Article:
Another flawed theory is that the Liberals/NDP/Bloc and Green are uniformly socialists. There are still many Centre (or in the case of the solid Ignatieff supporters) Blue Liberals. These people would not ever think of voting NDP. Once they realize that the Liberals are an also ran party they have a choice: stay at home, vote CPC ,throw away their ballot voting for losing Liberal candidates, or possibly elect a handful on non-effective Liberal representatives (What has Ralph Goodale done for the people of Wascana the last 4 years) who do an embarrassingly poor job in opposition.

    Will the polls and past results effectively reflect the magnitude of this change or will they be behind as far as they were in the Kim Campbell election.

    Right now if an election were held both the CPC and Liberal and Bloc strategists are behaving as though a Harper majority is guaranteed.

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  2. There was some interesting discussion on the previous thread as to whether the Liberals can drop any further. One person thought that the Liberals cannot decline any further than about the 25% mark because that is their core vote.

    What is a 'core vote' anyway? Presumably the idea is to capture people who will vote for a certain party no matter what the short and medium term policy issues are -- voters who identify closely enough with a party that they will not be swayed by perceived leadership deficiencies or a poor local candidate.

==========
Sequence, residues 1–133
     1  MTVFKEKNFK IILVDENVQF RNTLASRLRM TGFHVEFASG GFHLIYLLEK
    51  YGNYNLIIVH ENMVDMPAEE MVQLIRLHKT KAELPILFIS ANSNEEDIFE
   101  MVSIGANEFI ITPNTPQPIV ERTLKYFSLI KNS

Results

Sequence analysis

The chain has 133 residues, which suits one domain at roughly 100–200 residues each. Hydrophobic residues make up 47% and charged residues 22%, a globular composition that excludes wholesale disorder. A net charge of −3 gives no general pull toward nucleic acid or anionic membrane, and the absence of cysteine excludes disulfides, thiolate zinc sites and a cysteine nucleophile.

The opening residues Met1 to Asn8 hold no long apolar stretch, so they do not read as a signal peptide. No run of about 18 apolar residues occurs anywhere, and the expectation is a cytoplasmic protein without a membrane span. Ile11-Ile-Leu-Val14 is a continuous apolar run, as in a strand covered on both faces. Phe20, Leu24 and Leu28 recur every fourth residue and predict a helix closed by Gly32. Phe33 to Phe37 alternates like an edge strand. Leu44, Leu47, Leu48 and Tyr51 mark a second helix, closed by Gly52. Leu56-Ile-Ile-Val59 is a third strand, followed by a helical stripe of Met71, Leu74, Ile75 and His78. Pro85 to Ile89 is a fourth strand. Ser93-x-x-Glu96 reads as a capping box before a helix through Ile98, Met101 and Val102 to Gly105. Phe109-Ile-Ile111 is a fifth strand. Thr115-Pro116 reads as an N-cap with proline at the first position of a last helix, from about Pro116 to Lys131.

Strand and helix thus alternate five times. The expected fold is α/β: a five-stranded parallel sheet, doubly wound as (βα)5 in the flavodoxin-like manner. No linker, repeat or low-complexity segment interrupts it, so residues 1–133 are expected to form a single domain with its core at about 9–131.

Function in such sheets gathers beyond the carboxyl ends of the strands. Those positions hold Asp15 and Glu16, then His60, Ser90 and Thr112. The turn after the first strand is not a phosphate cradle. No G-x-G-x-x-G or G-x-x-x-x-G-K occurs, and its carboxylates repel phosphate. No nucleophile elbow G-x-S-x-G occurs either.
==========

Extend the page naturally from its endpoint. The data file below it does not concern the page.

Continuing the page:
How does one measure that?

    A good starting place might be people who identify themselves as Liberal partisans in polls (note this is different from vote intention).

    [My further comments are based on the study 'Anatomy of a Liberal Defeat' http://ces-eec.mcgill.ca/documents/Anatomy%20of%20a%20Liberal%20Defeat.pdf]

    For the 2008 election, only 20% of Canadians identified with the Liberal Party (compared to nearly 28% for Conservatives). This alone suggests further declines from 2008 are possible.

    But the news gets worse for the LPC. In 2008 a third of Liberal partisans (the 20%) voted for a party other than the Liberals. The Liberal problem is not merely a shrinking group of partisans, but motivating even that small number to vote Liberal.

    And coming back to that 20% who identified with the Liberal Party, it should be noted that that number is not stable. It has been in decline in recent years (from about 28% in 2000).

    None of this means the Liberal Party's situation is hopeless. But it does suggest that any confidence that the Liberals cannot possibly drop below their 2008 result seems misplaced.

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  3. Martin,

    Thank you for those statistics! I'm sure you saw on the last thread the list I C&P'd from wiki of federal parties that once held seats in the HOC and no longer exist.

    The tipping point is probably factors extrinsic to actual voter intention.

    What calibre of candidates could the Liberals recruit in many parts of the country if they knew they had no shot of winning ?